Description

    FIELD OF THE INVENTION
  • The present invention relates to a system and method that facilitates the endotracheal intubation and the spontaneous breathing of patients and that stimulates the spontaneous breathing of patients in a non-invasive way. In most patients only one of the three applications can be used, although some patients might benefit from more than one application.
  • SUMMARY OF THE INVENTION
  • The system and method of this invention can be used in three different ways for patients who are lying down in supine position in bed or on the operating table. First it facilitates the endotracheal intubation, secondly it facilitates the spontaneous breathing of obese patients and thirdly it assists the spontaneous inspiration and expiration in a non-invasive way. The sniffing position is the ideal position to visualize the vocal cords during laryngoscopy for intubation of the trachea with an endotracheal tube. The sniffing position consists of a pillow under the head to elevate the head and to improve the alignment of the tracheal axis, pharyngeal axis and axis of the mouth. However these positions do not guarantee always a good visualization, certainly in the obese patients with a short neck where elevation of the upper thorax can help. Instead of elevating the total upper thorax as described until now a folded blanket put under the spinal column of the thorax elevates only the trachea to anterior and stretches the neck.
  • More exactly the inventor found that elevation of the thoracic spinal column moves the trachea anterior and elevation of the lower thoracic and abdominal spinal column rotates the tracheal axis more in line with the pharyngeal axis. This position together with an elevation and a hyperextension of the head improves further the alignment of the axes and facilitates the laryngoscopy. In most anesthetic courses of intubation however the opposite is learned, because elevation of the upper thorax rotates the trachea opposite and increases the angle between trachea and pharynx, what makes that no one tried to elevate the lower thorax. Certainly in obese patients this helps. It is however difficult to position it before the patient is asleep, difficult to adapt the thickness and difficult to remove after intubation. This invented device is positioned flat under the patient before he is asleep without disturbing him. It allows a gradual elevation and rotation of the spinal column at the desired level of the thorax, a gradual elevation of the head to flex the neck and a gradual hyperextension of the head created by an extension at the atlanto-axial joint. After intubation the position is returned to normal without need of removing the invented device. The device has extra inflatable compartments to elevate the upper thorax if necessary as during trendelenburg position for preventing the patient to slide of the table. A first longitudinal balloon consisting of two compartments, an upper under the upper thorax and a lower under the lower thorax and abdomen is positioned in the length under the spinal column and allows a gradual elevation by inflating both compartments and tilting of the thorax by inflating the lower compartment more than the upper compartment. A second half circular balloon tube under the upper part of the head stabilizes the head and allows a gradual elevation of the head to achieve the sniffing position and a third half circular balloon under the lower part of the head gives a gradual hyperextension of the head. The four gradual movements allow a better ideal alignment of the tracheal axis, the pharyngeal axis and the mouth axis and facilitate intubation. This is the first way to use this invention.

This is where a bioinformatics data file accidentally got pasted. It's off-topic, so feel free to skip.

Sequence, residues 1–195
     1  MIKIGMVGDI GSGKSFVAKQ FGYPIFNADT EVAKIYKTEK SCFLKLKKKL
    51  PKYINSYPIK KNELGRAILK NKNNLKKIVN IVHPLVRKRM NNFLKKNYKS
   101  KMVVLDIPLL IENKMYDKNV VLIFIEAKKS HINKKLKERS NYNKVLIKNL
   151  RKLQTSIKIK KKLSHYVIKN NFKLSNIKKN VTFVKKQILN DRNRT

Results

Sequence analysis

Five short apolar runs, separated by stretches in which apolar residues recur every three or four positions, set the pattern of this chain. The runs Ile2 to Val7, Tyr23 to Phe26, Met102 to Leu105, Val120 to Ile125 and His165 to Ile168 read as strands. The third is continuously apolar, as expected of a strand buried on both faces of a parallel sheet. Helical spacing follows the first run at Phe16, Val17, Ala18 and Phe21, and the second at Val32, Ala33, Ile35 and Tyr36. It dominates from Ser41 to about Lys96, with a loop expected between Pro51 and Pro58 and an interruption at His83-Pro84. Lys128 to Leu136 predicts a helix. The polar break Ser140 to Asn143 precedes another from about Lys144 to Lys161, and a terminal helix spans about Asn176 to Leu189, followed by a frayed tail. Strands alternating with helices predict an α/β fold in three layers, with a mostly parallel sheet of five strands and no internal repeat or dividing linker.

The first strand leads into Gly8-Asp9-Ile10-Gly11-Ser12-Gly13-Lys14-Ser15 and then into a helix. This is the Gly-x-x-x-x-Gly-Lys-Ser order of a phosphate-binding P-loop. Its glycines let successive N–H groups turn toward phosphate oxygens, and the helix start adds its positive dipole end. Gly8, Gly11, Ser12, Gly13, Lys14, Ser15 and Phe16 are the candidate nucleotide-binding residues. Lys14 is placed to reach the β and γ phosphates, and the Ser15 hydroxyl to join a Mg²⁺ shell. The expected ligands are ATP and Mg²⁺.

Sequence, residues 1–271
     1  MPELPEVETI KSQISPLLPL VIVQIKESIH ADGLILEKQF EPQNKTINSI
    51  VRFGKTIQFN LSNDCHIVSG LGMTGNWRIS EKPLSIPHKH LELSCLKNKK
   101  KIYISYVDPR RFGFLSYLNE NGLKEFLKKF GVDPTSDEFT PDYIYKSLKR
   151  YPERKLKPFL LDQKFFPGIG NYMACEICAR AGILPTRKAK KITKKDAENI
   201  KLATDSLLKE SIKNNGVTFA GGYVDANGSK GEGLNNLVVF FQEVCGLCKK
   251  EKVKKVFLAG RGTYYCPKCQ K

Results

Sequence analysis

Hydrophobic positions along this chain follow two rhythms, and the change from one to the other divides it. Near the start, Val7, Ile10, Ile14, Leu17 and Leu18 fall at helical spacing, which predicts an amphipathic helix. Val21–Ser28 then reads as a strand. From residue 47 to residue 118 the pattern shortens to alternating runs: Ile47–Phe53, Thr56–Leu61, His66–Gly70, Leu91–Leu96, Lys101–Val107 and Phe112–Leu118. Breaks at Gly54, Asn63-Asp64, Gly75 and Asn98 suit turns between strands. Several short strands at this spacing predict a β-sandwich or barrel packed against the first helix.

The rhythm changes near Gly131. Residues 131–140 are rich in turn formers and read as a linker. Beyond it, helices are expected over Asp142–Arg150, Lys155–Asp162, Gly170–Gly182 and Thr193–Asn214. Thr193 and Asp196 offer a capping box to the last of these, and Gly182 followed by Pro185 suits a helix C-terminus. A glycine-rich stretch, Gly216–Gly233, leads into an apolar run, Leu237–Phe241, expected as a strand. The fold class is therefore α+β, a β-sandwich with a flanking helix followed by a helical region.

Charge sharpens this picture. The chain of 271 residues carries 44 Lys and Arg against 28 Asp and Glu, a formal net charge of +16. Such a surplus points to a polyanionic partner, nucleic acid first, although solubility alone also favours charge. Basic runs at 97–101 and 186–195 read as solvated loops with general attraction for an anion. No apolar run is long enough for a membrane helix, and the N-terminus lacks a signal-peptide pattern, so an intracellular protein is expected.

• After the intubation all balloons except the lower under the abdomen are emptied what facilitates central venous puncture if required. During the operation inflation of two triangular balloons under the shoulders, together with an inflation of the head support allow stabilization of the upper thorax and prevention of gliding of the table required in extreme trendelenburg position.
  • Spontaneous breathing is easiest when staying upright, certainly when people have to speak, to sing or to blow on an instrument. Total lung capacity decline when a person is lying down and this is certainly true for obese patients. Some persons prefer some extra pillows or want to sleep in a half sitting position. When an obese patient with a hollow back at his thoracic level is lying down, the weight is supported by the ribs of the right and the left side of the thorax and compresses the thorax to a smaller volume. At each inspiration more force is needed to rotate the ribs and to elevate the heavy thorax than when the right and left side of the thorax can move free.
  • This invention can elevate the spinal column at the upper and at the lower thoracic level and therefore the thorax is no more compressed and the ribs can move free. Inspiration requires less force and the patient can be breathing easier even when lying down. Obese and non-obese patients can benefit from this support system according to the hollow structure of their back. This is the second way to apply this invention.
  • In this invention the upper and lower spinal column elevation system can also be inflated in a synchronized way with the respiration of the patient. During inspiration the spinal column is elevated increasing the lung capacity, increasing the thoracic compliance and facilitating the inspiration. The ribs rotate due to loss of weight comparable with the action of the inspiratory muscles of the thoracic wall. During expiration the elevation is lowered, compressing the thorax, lowering the compliance and therefore facilitating the expiration. The ribs rotate back opposite to the action of the inspiratory muscles. The work of breathing is reduced for the patient resulting in larger minute volume ventilation or less oxygen consumption.